Heather G. Bennett, JD

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Research Interests: Healthcare

Major/Minor: Public Policy/Public Law

Curriculum Vitae | E-mail


Policy Implementation and the Affordable Care Act: Theoretical Implications of
Private Actor Behavior within De Facto-Regulated Practice Environments

I am a PhD Candidate at SUNY Albany’s Rockefeller College of Public Affairs and Policy and am conducting research on the ways that the Affordable Care Act is changing health care from the perspective of physicians. I would be grateful to have an opportunity to add your experiences into my project and welcome the opportunity to talk to you. All interviews are confidential and can be conducted in person or by phone.

For more information about this study or to schedule an interview, please contact me, Heather Bennett, at hbennett@albany.edu. I look forward to talking to you!


The Patient Protection and Affordable Care Act of 2010 (ACA) is the most significant health policy reform legislation passed in the United States within the last forty-five years. Policymakers identified increasing access for patients to health care services and “bending the cost curve” of federal obligations to pay for medical care as the two primary objectives of the reform measure. Strategies embraced by the ACA to achieve these goals are interdependent because expanding access relies, in part, on mastering efficiencies in the delivery of health care. Understanding how these changes in the health care system work, however, is less certain because the effectuation of ACA policy happens in the private setting of the physician examination room as physicians and patients meet together and make medical care decisions. This study examines what happens as ACA-generated policies trickle down to the clinical setting by engaging physicians in interviews and asking them what health policies look like at the ground-floor level. In what manner does the ACA change the way that physicians practice medicine? What are the implications of these changes for patients and the health care choices available to them? What do physicians think about the changes they are experiencing? What do policymakers need to know about the ACA that they can only learn from physicians?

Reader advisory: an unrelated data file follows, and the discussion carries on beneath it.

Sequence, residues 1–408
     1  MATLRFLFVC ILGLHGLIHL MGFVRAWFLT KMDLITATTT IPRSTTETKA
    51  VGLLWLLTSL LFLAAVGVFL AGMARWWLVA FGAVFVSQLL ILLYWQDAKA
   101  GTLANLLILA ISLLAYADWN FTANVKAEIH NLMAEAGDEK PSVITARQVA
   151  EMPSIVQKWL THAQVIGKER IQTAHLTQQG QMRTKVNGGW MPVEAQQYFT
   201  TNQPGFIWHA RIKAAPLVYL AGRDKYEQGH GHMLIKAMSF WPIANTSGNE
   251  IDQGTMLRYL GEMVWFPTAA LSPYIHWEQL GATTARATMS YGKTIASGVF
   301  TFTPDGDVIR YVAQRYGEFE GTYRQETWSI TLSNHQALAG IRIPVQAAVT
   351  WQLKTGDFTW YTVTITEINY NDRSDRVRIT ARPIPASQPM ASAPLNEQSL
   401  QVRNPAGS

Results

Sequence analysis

This project differs from the majority of studies about the effect of health policy on medical care available to patients because it uses evidence obtained from physicians directly, rather than relying on analysis of generalized medical utilization and health outcomes.  In this manner, the role of physicians as private policy implementers structures the framework for analysis. If broad changes in health care access and outcomes depend upon the actions of private physicians, understanding how physicians respond to policy directives is critical.